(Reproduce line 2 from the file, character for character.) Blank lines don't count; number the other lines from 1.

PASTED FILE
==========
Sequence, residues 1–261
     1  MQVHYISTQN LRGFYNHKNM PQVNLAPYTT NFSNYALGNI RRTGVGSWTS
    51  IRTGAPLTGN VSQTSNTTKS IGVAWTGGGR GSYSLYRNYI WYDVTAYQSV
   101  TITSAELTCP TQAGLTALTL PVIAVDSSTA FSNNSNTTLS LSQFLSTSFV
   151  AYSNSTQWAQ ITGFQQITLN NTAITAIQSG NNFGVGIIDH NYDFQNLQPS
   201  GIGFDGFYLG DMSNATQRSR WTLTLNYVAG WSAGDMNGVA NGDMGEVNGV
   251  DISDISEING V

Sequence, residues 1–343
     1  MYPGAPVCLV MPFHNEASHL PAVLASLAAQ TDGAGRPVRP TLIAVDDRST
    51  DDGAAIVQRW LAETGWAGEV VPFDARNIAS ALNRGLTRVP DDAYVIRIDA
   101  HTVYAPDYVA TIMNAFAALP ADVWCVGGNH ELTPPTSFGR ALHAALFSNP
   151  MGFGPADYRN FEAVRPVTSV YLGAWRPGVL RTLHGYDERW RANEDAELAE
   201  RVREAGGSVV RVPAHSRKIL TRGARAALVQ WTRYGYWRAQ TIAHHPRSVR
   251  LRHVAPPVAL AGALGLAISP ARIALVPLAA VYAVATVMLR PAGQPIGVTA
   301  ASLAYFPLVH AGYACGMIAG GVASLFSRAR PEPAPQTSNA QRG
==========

     1  MQVHYISTQN LRGFYNHKNM PQVNLAPYTT NFSNYALGNI RRTGVGSWTS